2 More U.S. Cases Of Zika Virus Likely Shared Via Sex
Health officials announced Tuesday that they are investigating 14 new U.S. cases of possible sexual transmission of the Zika virus.
The virus was confirmed to be in blood samples from two women, using a method that detects pieces of the virus' genetic material, say doctors from the Centers for Disease Control and Prevention.
The women had not recently traveled to places where the virus is widely circulating, but they'd had sex with male partners who had recently returned from such travel and had Zika symptoms. The men, who are no longer sick, are now being tested for signs of the virus, too.
The other 12 possible cases — all women — have not been confirmed yet. Four tested positive in an initial test, but it can yield false positives. Doctors are waiting on results from a more definitive test to confirm Zika infection.
Capt. Jennifer McQuiston, Deputy Incident Manager for the CDC's Zika response, says she expects more cases of sexual transmission in the next few months.
"As doctors become more aware of the sexual transmission risk, they will begin to test more," she says, "and they will likely begin to find more."
Illness with the virus is usually mild and short-lived, but it's the possible connections to a neurological condition called Guillain-Barre syndrome and to a congenital condition known as microcephaly that are worrisome. The Centers for Disease Control and Prevention says "several" of the 14 women are pregnant.
The CDC continues to recommend that men who have been to an area where there is active Zika transmission use condoms during sex with a pregnant partner, or abstain from sex for the duration of her pregnancy.
It also recommends that travelers to regions where there is ongoing transmission use insect repellent for three weeks after they return to the U.S., to keep from being bitten by domestic mosquitoes and possibly passing along the virus.
There is no evidence at this point that women infected with Zika can transmit the virus to their sex partners, according to the CDC.
The best way to avoid getting Zika is to avoid mosquito bites.
"The CDC still feels that mosquito-borne transmission is the most common route for Zika," says McQuiston. "But we don't yet have mosquito-borne transmission [in the U.S.], so the sexual transmission cases are coming to our attention."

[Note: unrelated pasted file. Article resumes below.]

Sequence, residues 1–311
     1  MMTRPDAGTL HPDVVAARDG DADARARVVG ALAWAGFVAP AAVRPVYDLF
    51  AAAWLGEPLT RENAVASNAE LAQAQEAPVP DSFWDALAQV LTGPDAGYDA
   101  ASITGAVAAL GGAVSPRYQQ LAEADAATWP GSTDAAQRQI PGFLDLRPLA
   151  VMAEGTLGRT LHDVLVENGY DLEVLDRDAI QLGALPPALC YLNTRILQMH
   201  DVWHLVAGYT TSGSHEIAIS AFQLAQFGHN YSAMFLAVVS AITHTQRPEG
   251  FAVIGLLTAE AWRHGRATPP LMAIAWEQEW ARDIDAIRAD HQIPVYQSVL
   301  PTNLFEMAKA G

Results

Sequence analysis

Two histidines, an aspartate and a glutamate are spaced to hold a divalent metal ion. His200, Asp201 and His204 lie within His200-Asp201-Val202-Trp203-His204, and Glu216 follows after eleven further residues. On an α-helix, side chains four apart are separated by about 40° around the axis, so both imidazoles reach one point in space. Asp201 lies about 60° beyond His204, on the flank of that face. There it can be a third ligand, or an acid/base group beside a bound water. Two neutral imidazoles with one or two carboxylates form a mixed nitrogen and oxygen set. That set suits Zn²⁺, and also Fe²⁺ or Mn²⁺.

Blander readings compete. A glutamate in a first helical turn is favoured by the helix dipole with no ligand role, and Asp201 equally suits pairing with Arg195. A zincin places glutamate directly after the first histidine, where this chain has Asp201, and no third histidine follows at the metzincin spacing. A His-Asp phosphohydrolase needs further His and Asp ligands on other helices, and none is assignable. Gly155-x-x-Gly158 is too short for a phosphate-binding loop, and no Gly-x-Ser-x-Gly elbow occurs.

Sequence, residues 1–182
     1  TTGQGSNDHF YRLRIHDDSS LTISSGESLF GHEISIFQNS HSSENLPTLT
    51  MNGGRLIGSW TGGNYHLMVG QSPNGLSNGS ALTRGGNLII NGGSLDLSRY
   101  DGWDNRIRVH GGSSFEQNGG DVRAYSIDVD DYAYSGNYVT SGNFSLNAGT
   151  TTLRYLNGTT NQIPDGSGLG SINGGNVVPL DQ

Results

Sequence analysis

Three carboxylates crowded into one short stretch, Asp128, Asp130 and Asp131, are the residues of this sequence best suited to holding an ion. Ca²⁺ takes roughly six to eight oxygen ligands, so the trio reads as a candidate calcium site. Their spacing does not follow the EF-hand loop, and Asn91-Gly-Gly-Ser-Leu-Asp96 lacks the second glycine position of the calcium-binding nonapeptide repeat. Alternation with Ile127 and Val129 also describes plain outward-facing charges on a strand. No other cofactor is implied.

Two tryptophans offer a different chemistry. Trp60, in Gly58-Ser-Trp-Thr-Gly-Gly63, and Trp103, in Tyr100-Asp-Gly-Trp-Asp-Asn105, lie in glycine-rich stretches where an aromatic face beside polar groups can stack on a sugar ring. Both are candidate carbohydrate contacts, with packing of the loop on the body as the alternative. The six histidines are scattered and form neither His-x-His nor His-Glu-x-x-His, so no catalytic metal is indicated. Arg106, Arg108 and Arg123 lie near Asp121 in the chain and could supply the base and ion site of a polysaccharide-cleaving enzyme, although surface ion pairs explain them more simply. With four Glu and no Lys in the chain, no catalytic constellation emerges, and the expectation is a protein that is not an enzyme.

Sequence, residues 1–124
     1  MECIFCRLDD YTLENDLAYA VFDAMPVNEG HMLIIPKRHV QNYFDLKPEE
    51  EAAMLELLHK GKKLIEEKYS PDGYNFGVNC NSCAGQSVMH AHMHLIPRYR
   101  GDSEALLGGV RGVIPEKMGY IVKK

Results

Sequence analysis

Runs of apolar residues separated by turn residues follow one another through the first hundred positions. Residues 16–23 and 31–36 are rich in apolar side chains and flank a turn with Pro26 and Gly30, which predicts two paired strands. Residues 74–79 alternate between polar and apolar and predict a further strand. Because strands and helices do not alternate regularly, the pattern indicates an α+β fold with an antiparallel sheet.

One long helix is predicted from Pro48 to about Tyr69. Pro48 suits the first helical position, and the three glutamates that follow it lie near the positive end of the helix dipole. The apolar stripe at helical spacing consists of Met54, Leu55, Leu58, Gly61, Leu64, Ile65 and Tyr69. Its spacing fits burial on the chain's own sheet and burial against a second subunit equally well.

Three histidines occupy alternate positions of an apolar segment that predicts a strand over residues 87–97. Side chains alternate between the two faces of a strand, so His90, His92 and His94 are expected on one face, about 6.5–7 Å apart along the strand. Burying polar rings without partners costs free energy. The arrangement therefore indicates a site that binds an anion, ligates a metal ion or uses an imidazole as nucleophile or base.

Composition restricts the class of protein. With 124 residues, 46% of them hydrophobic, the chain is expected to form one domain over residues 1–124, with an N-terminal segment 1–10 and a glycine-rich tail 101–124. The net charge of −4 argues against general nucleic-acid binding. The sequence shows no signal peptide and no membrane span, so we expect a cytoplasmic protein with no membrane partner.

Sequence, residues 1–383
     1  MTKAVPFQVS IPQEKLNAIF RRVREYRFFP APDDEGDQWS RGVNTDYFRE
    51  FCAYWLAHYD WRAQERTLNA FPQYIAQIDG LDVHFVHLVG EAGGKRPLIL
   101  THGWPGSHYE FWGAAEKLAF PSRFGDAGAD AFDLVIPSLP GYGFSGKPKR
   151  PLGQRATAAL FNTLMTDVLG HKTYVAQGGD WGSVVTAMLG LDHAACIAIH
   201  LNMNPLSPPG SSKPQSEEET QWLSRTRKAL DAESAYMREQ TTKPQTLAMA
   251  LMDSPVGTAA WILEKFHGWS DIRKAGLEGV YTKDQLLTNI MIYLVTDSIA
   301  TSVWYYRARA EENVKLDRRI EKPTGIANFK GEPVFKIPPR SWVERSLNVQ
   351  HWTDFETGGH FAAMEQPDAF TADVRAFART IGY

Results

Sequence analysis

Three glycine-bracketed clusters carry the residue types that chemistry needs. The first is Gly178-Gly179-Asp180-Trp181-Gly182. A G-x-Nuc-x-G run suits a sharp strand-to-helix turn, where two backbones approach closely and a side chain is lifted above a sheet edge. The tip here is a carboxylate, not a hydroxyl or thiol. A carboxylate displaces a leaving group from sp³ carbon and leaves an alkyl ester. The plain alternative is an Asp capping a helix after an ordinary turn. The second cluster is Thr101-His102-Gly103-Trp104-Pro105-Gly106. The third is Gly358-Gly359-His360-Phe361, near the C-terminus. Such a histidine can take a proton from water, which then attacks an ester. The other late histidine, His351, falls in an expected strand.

Earlier this month the CDC reported the current outbreak's first U.S. case of sexual transmission of the Zika virus. And Brian Foy, a biologist at Colorado State University who studies vector-borne illnesses, suspects he transmitted the Zika virus to his wife via sex in 2008, when he returned from a trip to Senegal. His lab has since partnered with researchers in Brazil to study sexual transmission of Zika virus.
In a place like Brazil, where there's active transmission going on, it's harder to disentangle who got Zika from a mosquito and who got Zika through sex, he says.
"There are mosquitoes biting people, and maybe there's sexual transmission," Foy says. "But how do you tell the difference?" The U.S. cases may help scientists figure out more about how the virus tends to move.
"This might be something that's happening much more often than anybody had previously suspected," he says.
Still, from the virus' perspective, it would take a lot of fortuitous occurrences for a man to pass it to a sexual partner: He would have to get infected with the virus first; he'd have to be sexually active; and he'd have to have sex with someone before his body cleared the virus.
"There are a lot of things that have to happen for sexual transmission to occur," Foy says. To get Zika from a mosquito, it just takes one bite from the wrong bug.
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